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Families at the end of a lens

Keepsakes: Valencia’s Yoti Telio captures family moments for heirloom portraits to last a lifetime

Posted: July 8, 2010 8:14 p.m.
Updated: July 9, 2010 4:55 a.m.

Yoti Telio amidst two of the hundreds of family portraits he’s taken for clients at his Santa Clarita Photographic Studio in Valencia.

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Yoti Telio was just 6 when he learned the value of a family portrait.

His father, a photographer in Bucharest, Romania, was hired to photograph a wedding and enlisted his young son’s help.

Up to a 100 or more guests, mostly relatives, young and old, gathered in front of the church as the elder Telio readied his camera from a ladder set 100 feet away.

Based on his father’s hand signals, Telio would straighten ties or calm children down.

It took hundreds of tries, but eventually, as the film developed in their makeshift dark room located in the family’s bathroom, the Telios would see the perfect shot emerge.

That one image would be made into hundreds of copies, which would be sold to the wedding party’s relatives and guests.

“I grew up with family portraits on the walls of my grandparents’ (home). I believe with all my heart that a portrait is the most valuable gift you can hand down to your children. Portraits are a bookmark in the book of life,” Telio said.

Portraits are also a very successful business for Telio, a professional photographer and owner of Santa Clarita Photographic Studio.

Since 2005, Telio’s passion for portraiture has created gorgeous time capsules for hundreds of Santa Clarita Valley families. Packages start at $500 and can range up to $5,000 or more.

“I offer custom-made heirloom portraits that last a lifetime. I consider myself a Lexus in the world of photography,” Telio said.

Caterina Giovine, of Saugus, who recently had a portrait taken at Telio’s studio with her children and grandchildren, agrees.

“I’d seen some of the photos Yoti’s done, and they’re just incredible,” Giovine said. “It was awesome. I’ve had family portraits taken before, but I haven’t seen anything like what Yoti does.”

Giovine and her family wore matching clothing, at Telio’s request, and then relied on the expert for guidance.

“I’ve never seen anyone get the tension out of the babies the way he did. I was the hardest one to shoot,” Giovine said. “Our portrait will definitely become a family heirloom. I know it’ll be something we have for a long time, all over the house.”

That kind of response is music to Telio’s ears.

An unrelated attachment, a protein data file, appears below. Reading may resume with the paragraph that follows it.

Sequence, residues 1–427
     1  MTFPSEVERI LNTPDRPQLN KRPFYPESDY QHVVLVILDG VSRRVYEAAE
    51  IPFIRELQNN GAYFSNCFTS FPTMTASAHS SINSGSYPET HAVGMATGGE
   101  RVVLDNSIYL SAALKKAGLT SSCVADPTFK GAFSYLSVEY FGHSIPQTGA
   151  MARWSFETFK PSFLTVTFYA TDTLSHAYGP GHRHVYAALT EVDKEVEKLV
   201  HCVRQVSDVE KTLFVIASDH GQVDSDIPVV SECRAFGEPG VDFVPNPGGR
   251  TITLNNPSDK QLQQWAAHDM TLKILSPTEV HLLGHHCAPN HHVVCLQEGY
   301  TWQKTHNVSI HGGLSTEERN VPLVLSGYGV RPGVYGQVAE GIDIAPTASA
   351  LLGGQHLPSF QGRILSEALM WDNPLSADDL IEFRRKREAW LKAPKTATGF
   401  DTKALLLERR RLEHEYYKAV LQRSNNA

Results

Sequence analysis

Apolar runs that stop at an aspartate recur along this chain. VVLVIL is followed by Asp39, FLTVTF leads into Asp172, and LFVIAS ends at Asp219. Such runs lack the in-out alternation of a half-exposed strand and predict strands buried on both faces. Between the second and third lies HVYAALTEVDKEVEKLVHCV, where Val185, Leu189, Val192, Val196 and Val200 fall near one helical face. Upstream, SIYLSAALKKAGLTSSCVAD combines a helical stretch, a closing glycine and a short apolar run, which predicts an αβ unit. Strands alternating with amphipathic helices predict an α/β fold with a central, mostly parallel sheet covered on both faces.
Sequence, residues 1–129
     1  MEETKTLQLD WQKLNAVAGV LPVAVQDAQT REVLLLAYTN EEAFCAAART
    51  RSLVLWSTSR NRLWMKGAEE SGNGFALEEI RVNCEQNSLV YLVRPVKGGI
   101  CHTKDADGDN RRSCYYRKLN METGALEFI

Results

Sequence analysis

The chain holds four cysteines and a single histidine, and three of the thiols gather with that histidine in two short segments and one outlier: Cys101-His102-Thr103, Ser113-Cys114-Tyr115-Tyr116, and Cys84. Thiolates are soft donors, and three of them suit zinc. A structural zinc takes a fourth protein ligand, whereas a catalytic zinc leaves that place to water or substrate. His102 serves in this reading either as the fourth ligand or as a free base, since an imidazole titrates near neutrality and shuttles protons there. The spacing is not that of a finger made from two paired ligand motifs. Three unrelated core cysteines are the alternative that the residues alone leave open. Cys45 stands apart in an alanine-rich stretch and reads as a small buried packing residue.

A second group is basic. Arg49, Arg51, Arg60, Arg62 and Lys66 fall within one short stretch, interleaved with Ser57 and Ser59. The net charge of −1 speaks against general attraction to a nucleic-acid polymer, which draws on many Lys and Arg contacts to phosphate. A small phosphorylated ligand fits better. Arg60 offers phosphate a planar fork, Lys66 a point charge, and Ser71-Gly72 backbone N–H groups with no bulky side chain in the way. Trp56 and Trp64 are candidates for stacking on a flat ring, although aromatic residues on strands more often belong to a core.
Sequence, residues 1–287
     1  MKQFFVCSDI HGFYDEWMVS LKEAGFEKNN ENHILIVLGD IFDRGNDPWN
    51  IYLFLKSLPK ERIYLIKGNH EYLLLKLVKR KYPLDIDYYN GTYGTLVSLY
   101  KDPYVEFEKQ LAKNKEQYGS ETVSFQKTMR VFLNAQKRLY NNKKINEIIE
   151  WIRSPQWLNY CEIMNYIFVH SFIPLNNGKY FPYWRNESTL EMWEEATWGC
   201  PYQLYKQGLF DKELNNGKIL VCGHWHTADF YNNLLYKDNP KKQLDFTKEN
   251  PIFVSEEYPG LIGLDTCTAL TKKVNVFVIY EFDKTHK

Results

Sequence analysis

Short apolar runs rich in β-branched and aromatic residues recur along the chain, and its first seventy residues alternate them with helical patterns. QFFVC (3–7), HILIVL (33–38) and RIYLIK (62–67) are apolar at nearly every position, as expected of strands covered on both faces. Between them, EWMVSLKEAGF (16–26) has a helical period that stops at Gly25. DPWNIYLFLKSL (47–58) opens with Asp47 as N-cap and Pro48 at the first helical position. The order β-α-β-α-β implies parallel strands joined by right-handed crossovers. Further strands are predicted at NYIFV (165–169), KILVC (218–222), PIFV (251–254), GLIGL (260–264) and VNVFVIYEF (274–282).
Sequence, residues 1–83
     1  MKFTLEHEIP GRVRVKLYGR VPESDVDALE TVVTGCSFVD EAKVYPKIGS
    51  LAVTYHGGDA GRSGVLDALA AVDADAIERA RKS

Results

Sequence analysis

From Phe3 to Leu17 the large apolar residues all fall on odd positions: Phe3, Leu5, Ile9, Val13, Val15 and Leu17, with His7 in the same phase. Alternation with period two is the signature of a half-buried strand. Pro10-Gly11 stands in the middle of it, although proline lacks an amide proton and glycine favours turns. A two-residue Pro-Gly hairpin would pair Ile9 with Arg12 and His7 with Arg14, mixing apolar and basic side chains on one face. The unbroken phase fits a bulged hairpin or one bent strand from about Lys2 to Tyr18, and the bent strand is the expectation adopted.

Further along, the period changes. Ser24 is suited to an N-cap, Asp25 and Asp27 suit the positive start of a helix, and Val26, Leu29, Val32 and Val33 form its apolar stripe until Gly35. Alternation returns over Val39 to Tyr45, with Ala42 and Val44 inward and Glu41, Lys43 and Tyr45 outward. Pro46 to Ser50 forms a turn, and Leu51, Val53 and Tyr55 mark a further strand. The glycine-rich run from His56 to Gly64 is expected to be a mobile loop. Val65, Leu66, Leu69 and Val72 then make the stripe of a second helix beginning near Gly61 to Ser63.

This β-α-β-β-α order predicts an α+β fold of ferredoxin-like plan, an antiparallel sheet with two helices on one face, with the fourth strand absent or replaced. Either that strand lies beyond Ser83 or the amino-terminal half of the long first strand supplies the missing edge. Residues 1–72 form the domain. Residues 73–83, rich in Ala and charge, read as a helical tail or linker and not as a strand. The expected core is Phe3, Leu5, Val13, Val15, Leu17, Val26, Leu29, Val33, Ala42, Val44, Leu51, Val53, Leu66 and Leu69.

“There’s nothing better than when my clients say, ‘You really captured my son or daughter. That’s the expression we know. Thank you,’” he said.

Whether shooting at the beach, in Telio’s studio, or in the comfort of a client’s home, the photographer’s ease with his subjects is evident.

That’s because Telio consults with his clients prior to a shoot, learning their likes, dislikes and lifestyle, and getting to know everyone involved before the first click of the shutter.

“It’s very important to develop a rapport with younger children prior to an assignment. They have to feel they know you in order to not look shy or scared in photos. It’s important to place children in proximity to the parent or person they gravitate to, as well,” Telio said. “The composition needs to speak for itself because 200 years from now, the people won’t be here to tell the story.”

Further composition hints from Telio, some of which are proprietary, include wearing clothing flattering to skin tones and sticking to one thematic color.

“It shows unity to dress alike. In a portrait, it’s important to see the people, not to notice who’s sticking out,” he said.

When Telio was a teenager, a moment stood out in his mind that has stuck with him to this day.

He was a high school yearbook editor and had just told his teacher he was going to be a doctor or lawyer at his parent’s urging, rather than a photographer.

The teacher told him, “Someday you are going to make a difference with a camera.”

That day came on Sept.11, 2001. Yoti, who had already ditched medical school to become a professional photographer, saw the images of firefighters and police officers fighting to save lives during the terrorist attack and became inspired.

“They were willing to give their life away, to possibly die, in the pursuit of helping others. It was the perfect time to give something back,” Telio said.

Telio started the “Ultimate Sacrifice Photography Project” model search, offering a complimentary session and discounted portraits for men and women in uniform, including active military, peace officers and firefighters.

Whether it’s a father clutching his baby cradled in a hardhat, or a newborn tucked away in the folds of a military dress uniform, the photos reflect especially touching subject matter.

“These people put their lives on the line for a paycheck, and also because they believe in it. Coming from a communist upbringing, where we didn’t have the freedoms found in America, I can really appreciate that,” Telio said.

Ultimately, Telio will compile the photos for an “Ultimate Sacrifice” coffee-table book, with profits benefiting charities that help families who have lost a loved one in the line of duty.

“The feeling these spouses get when a door doesn’t open on time is just the worst,” Telio said. “When a parent dies, it’s the ultimate sacrifice.”

While much of the country is experiencing an economic downturn, Telio has actually found the climate working to his business’ advantage.

“We’re going back to the America of the 1950s. People are starting to really value their families again,” Telio said. “You can’t put a price on memories. When all is said and done, that’s all we have.”

Santa Clarita Photographic Studio is located at 27616 Newhall Ranch Road, Suite 10, Valencia. For more information, call (661) 775-0898 or visit


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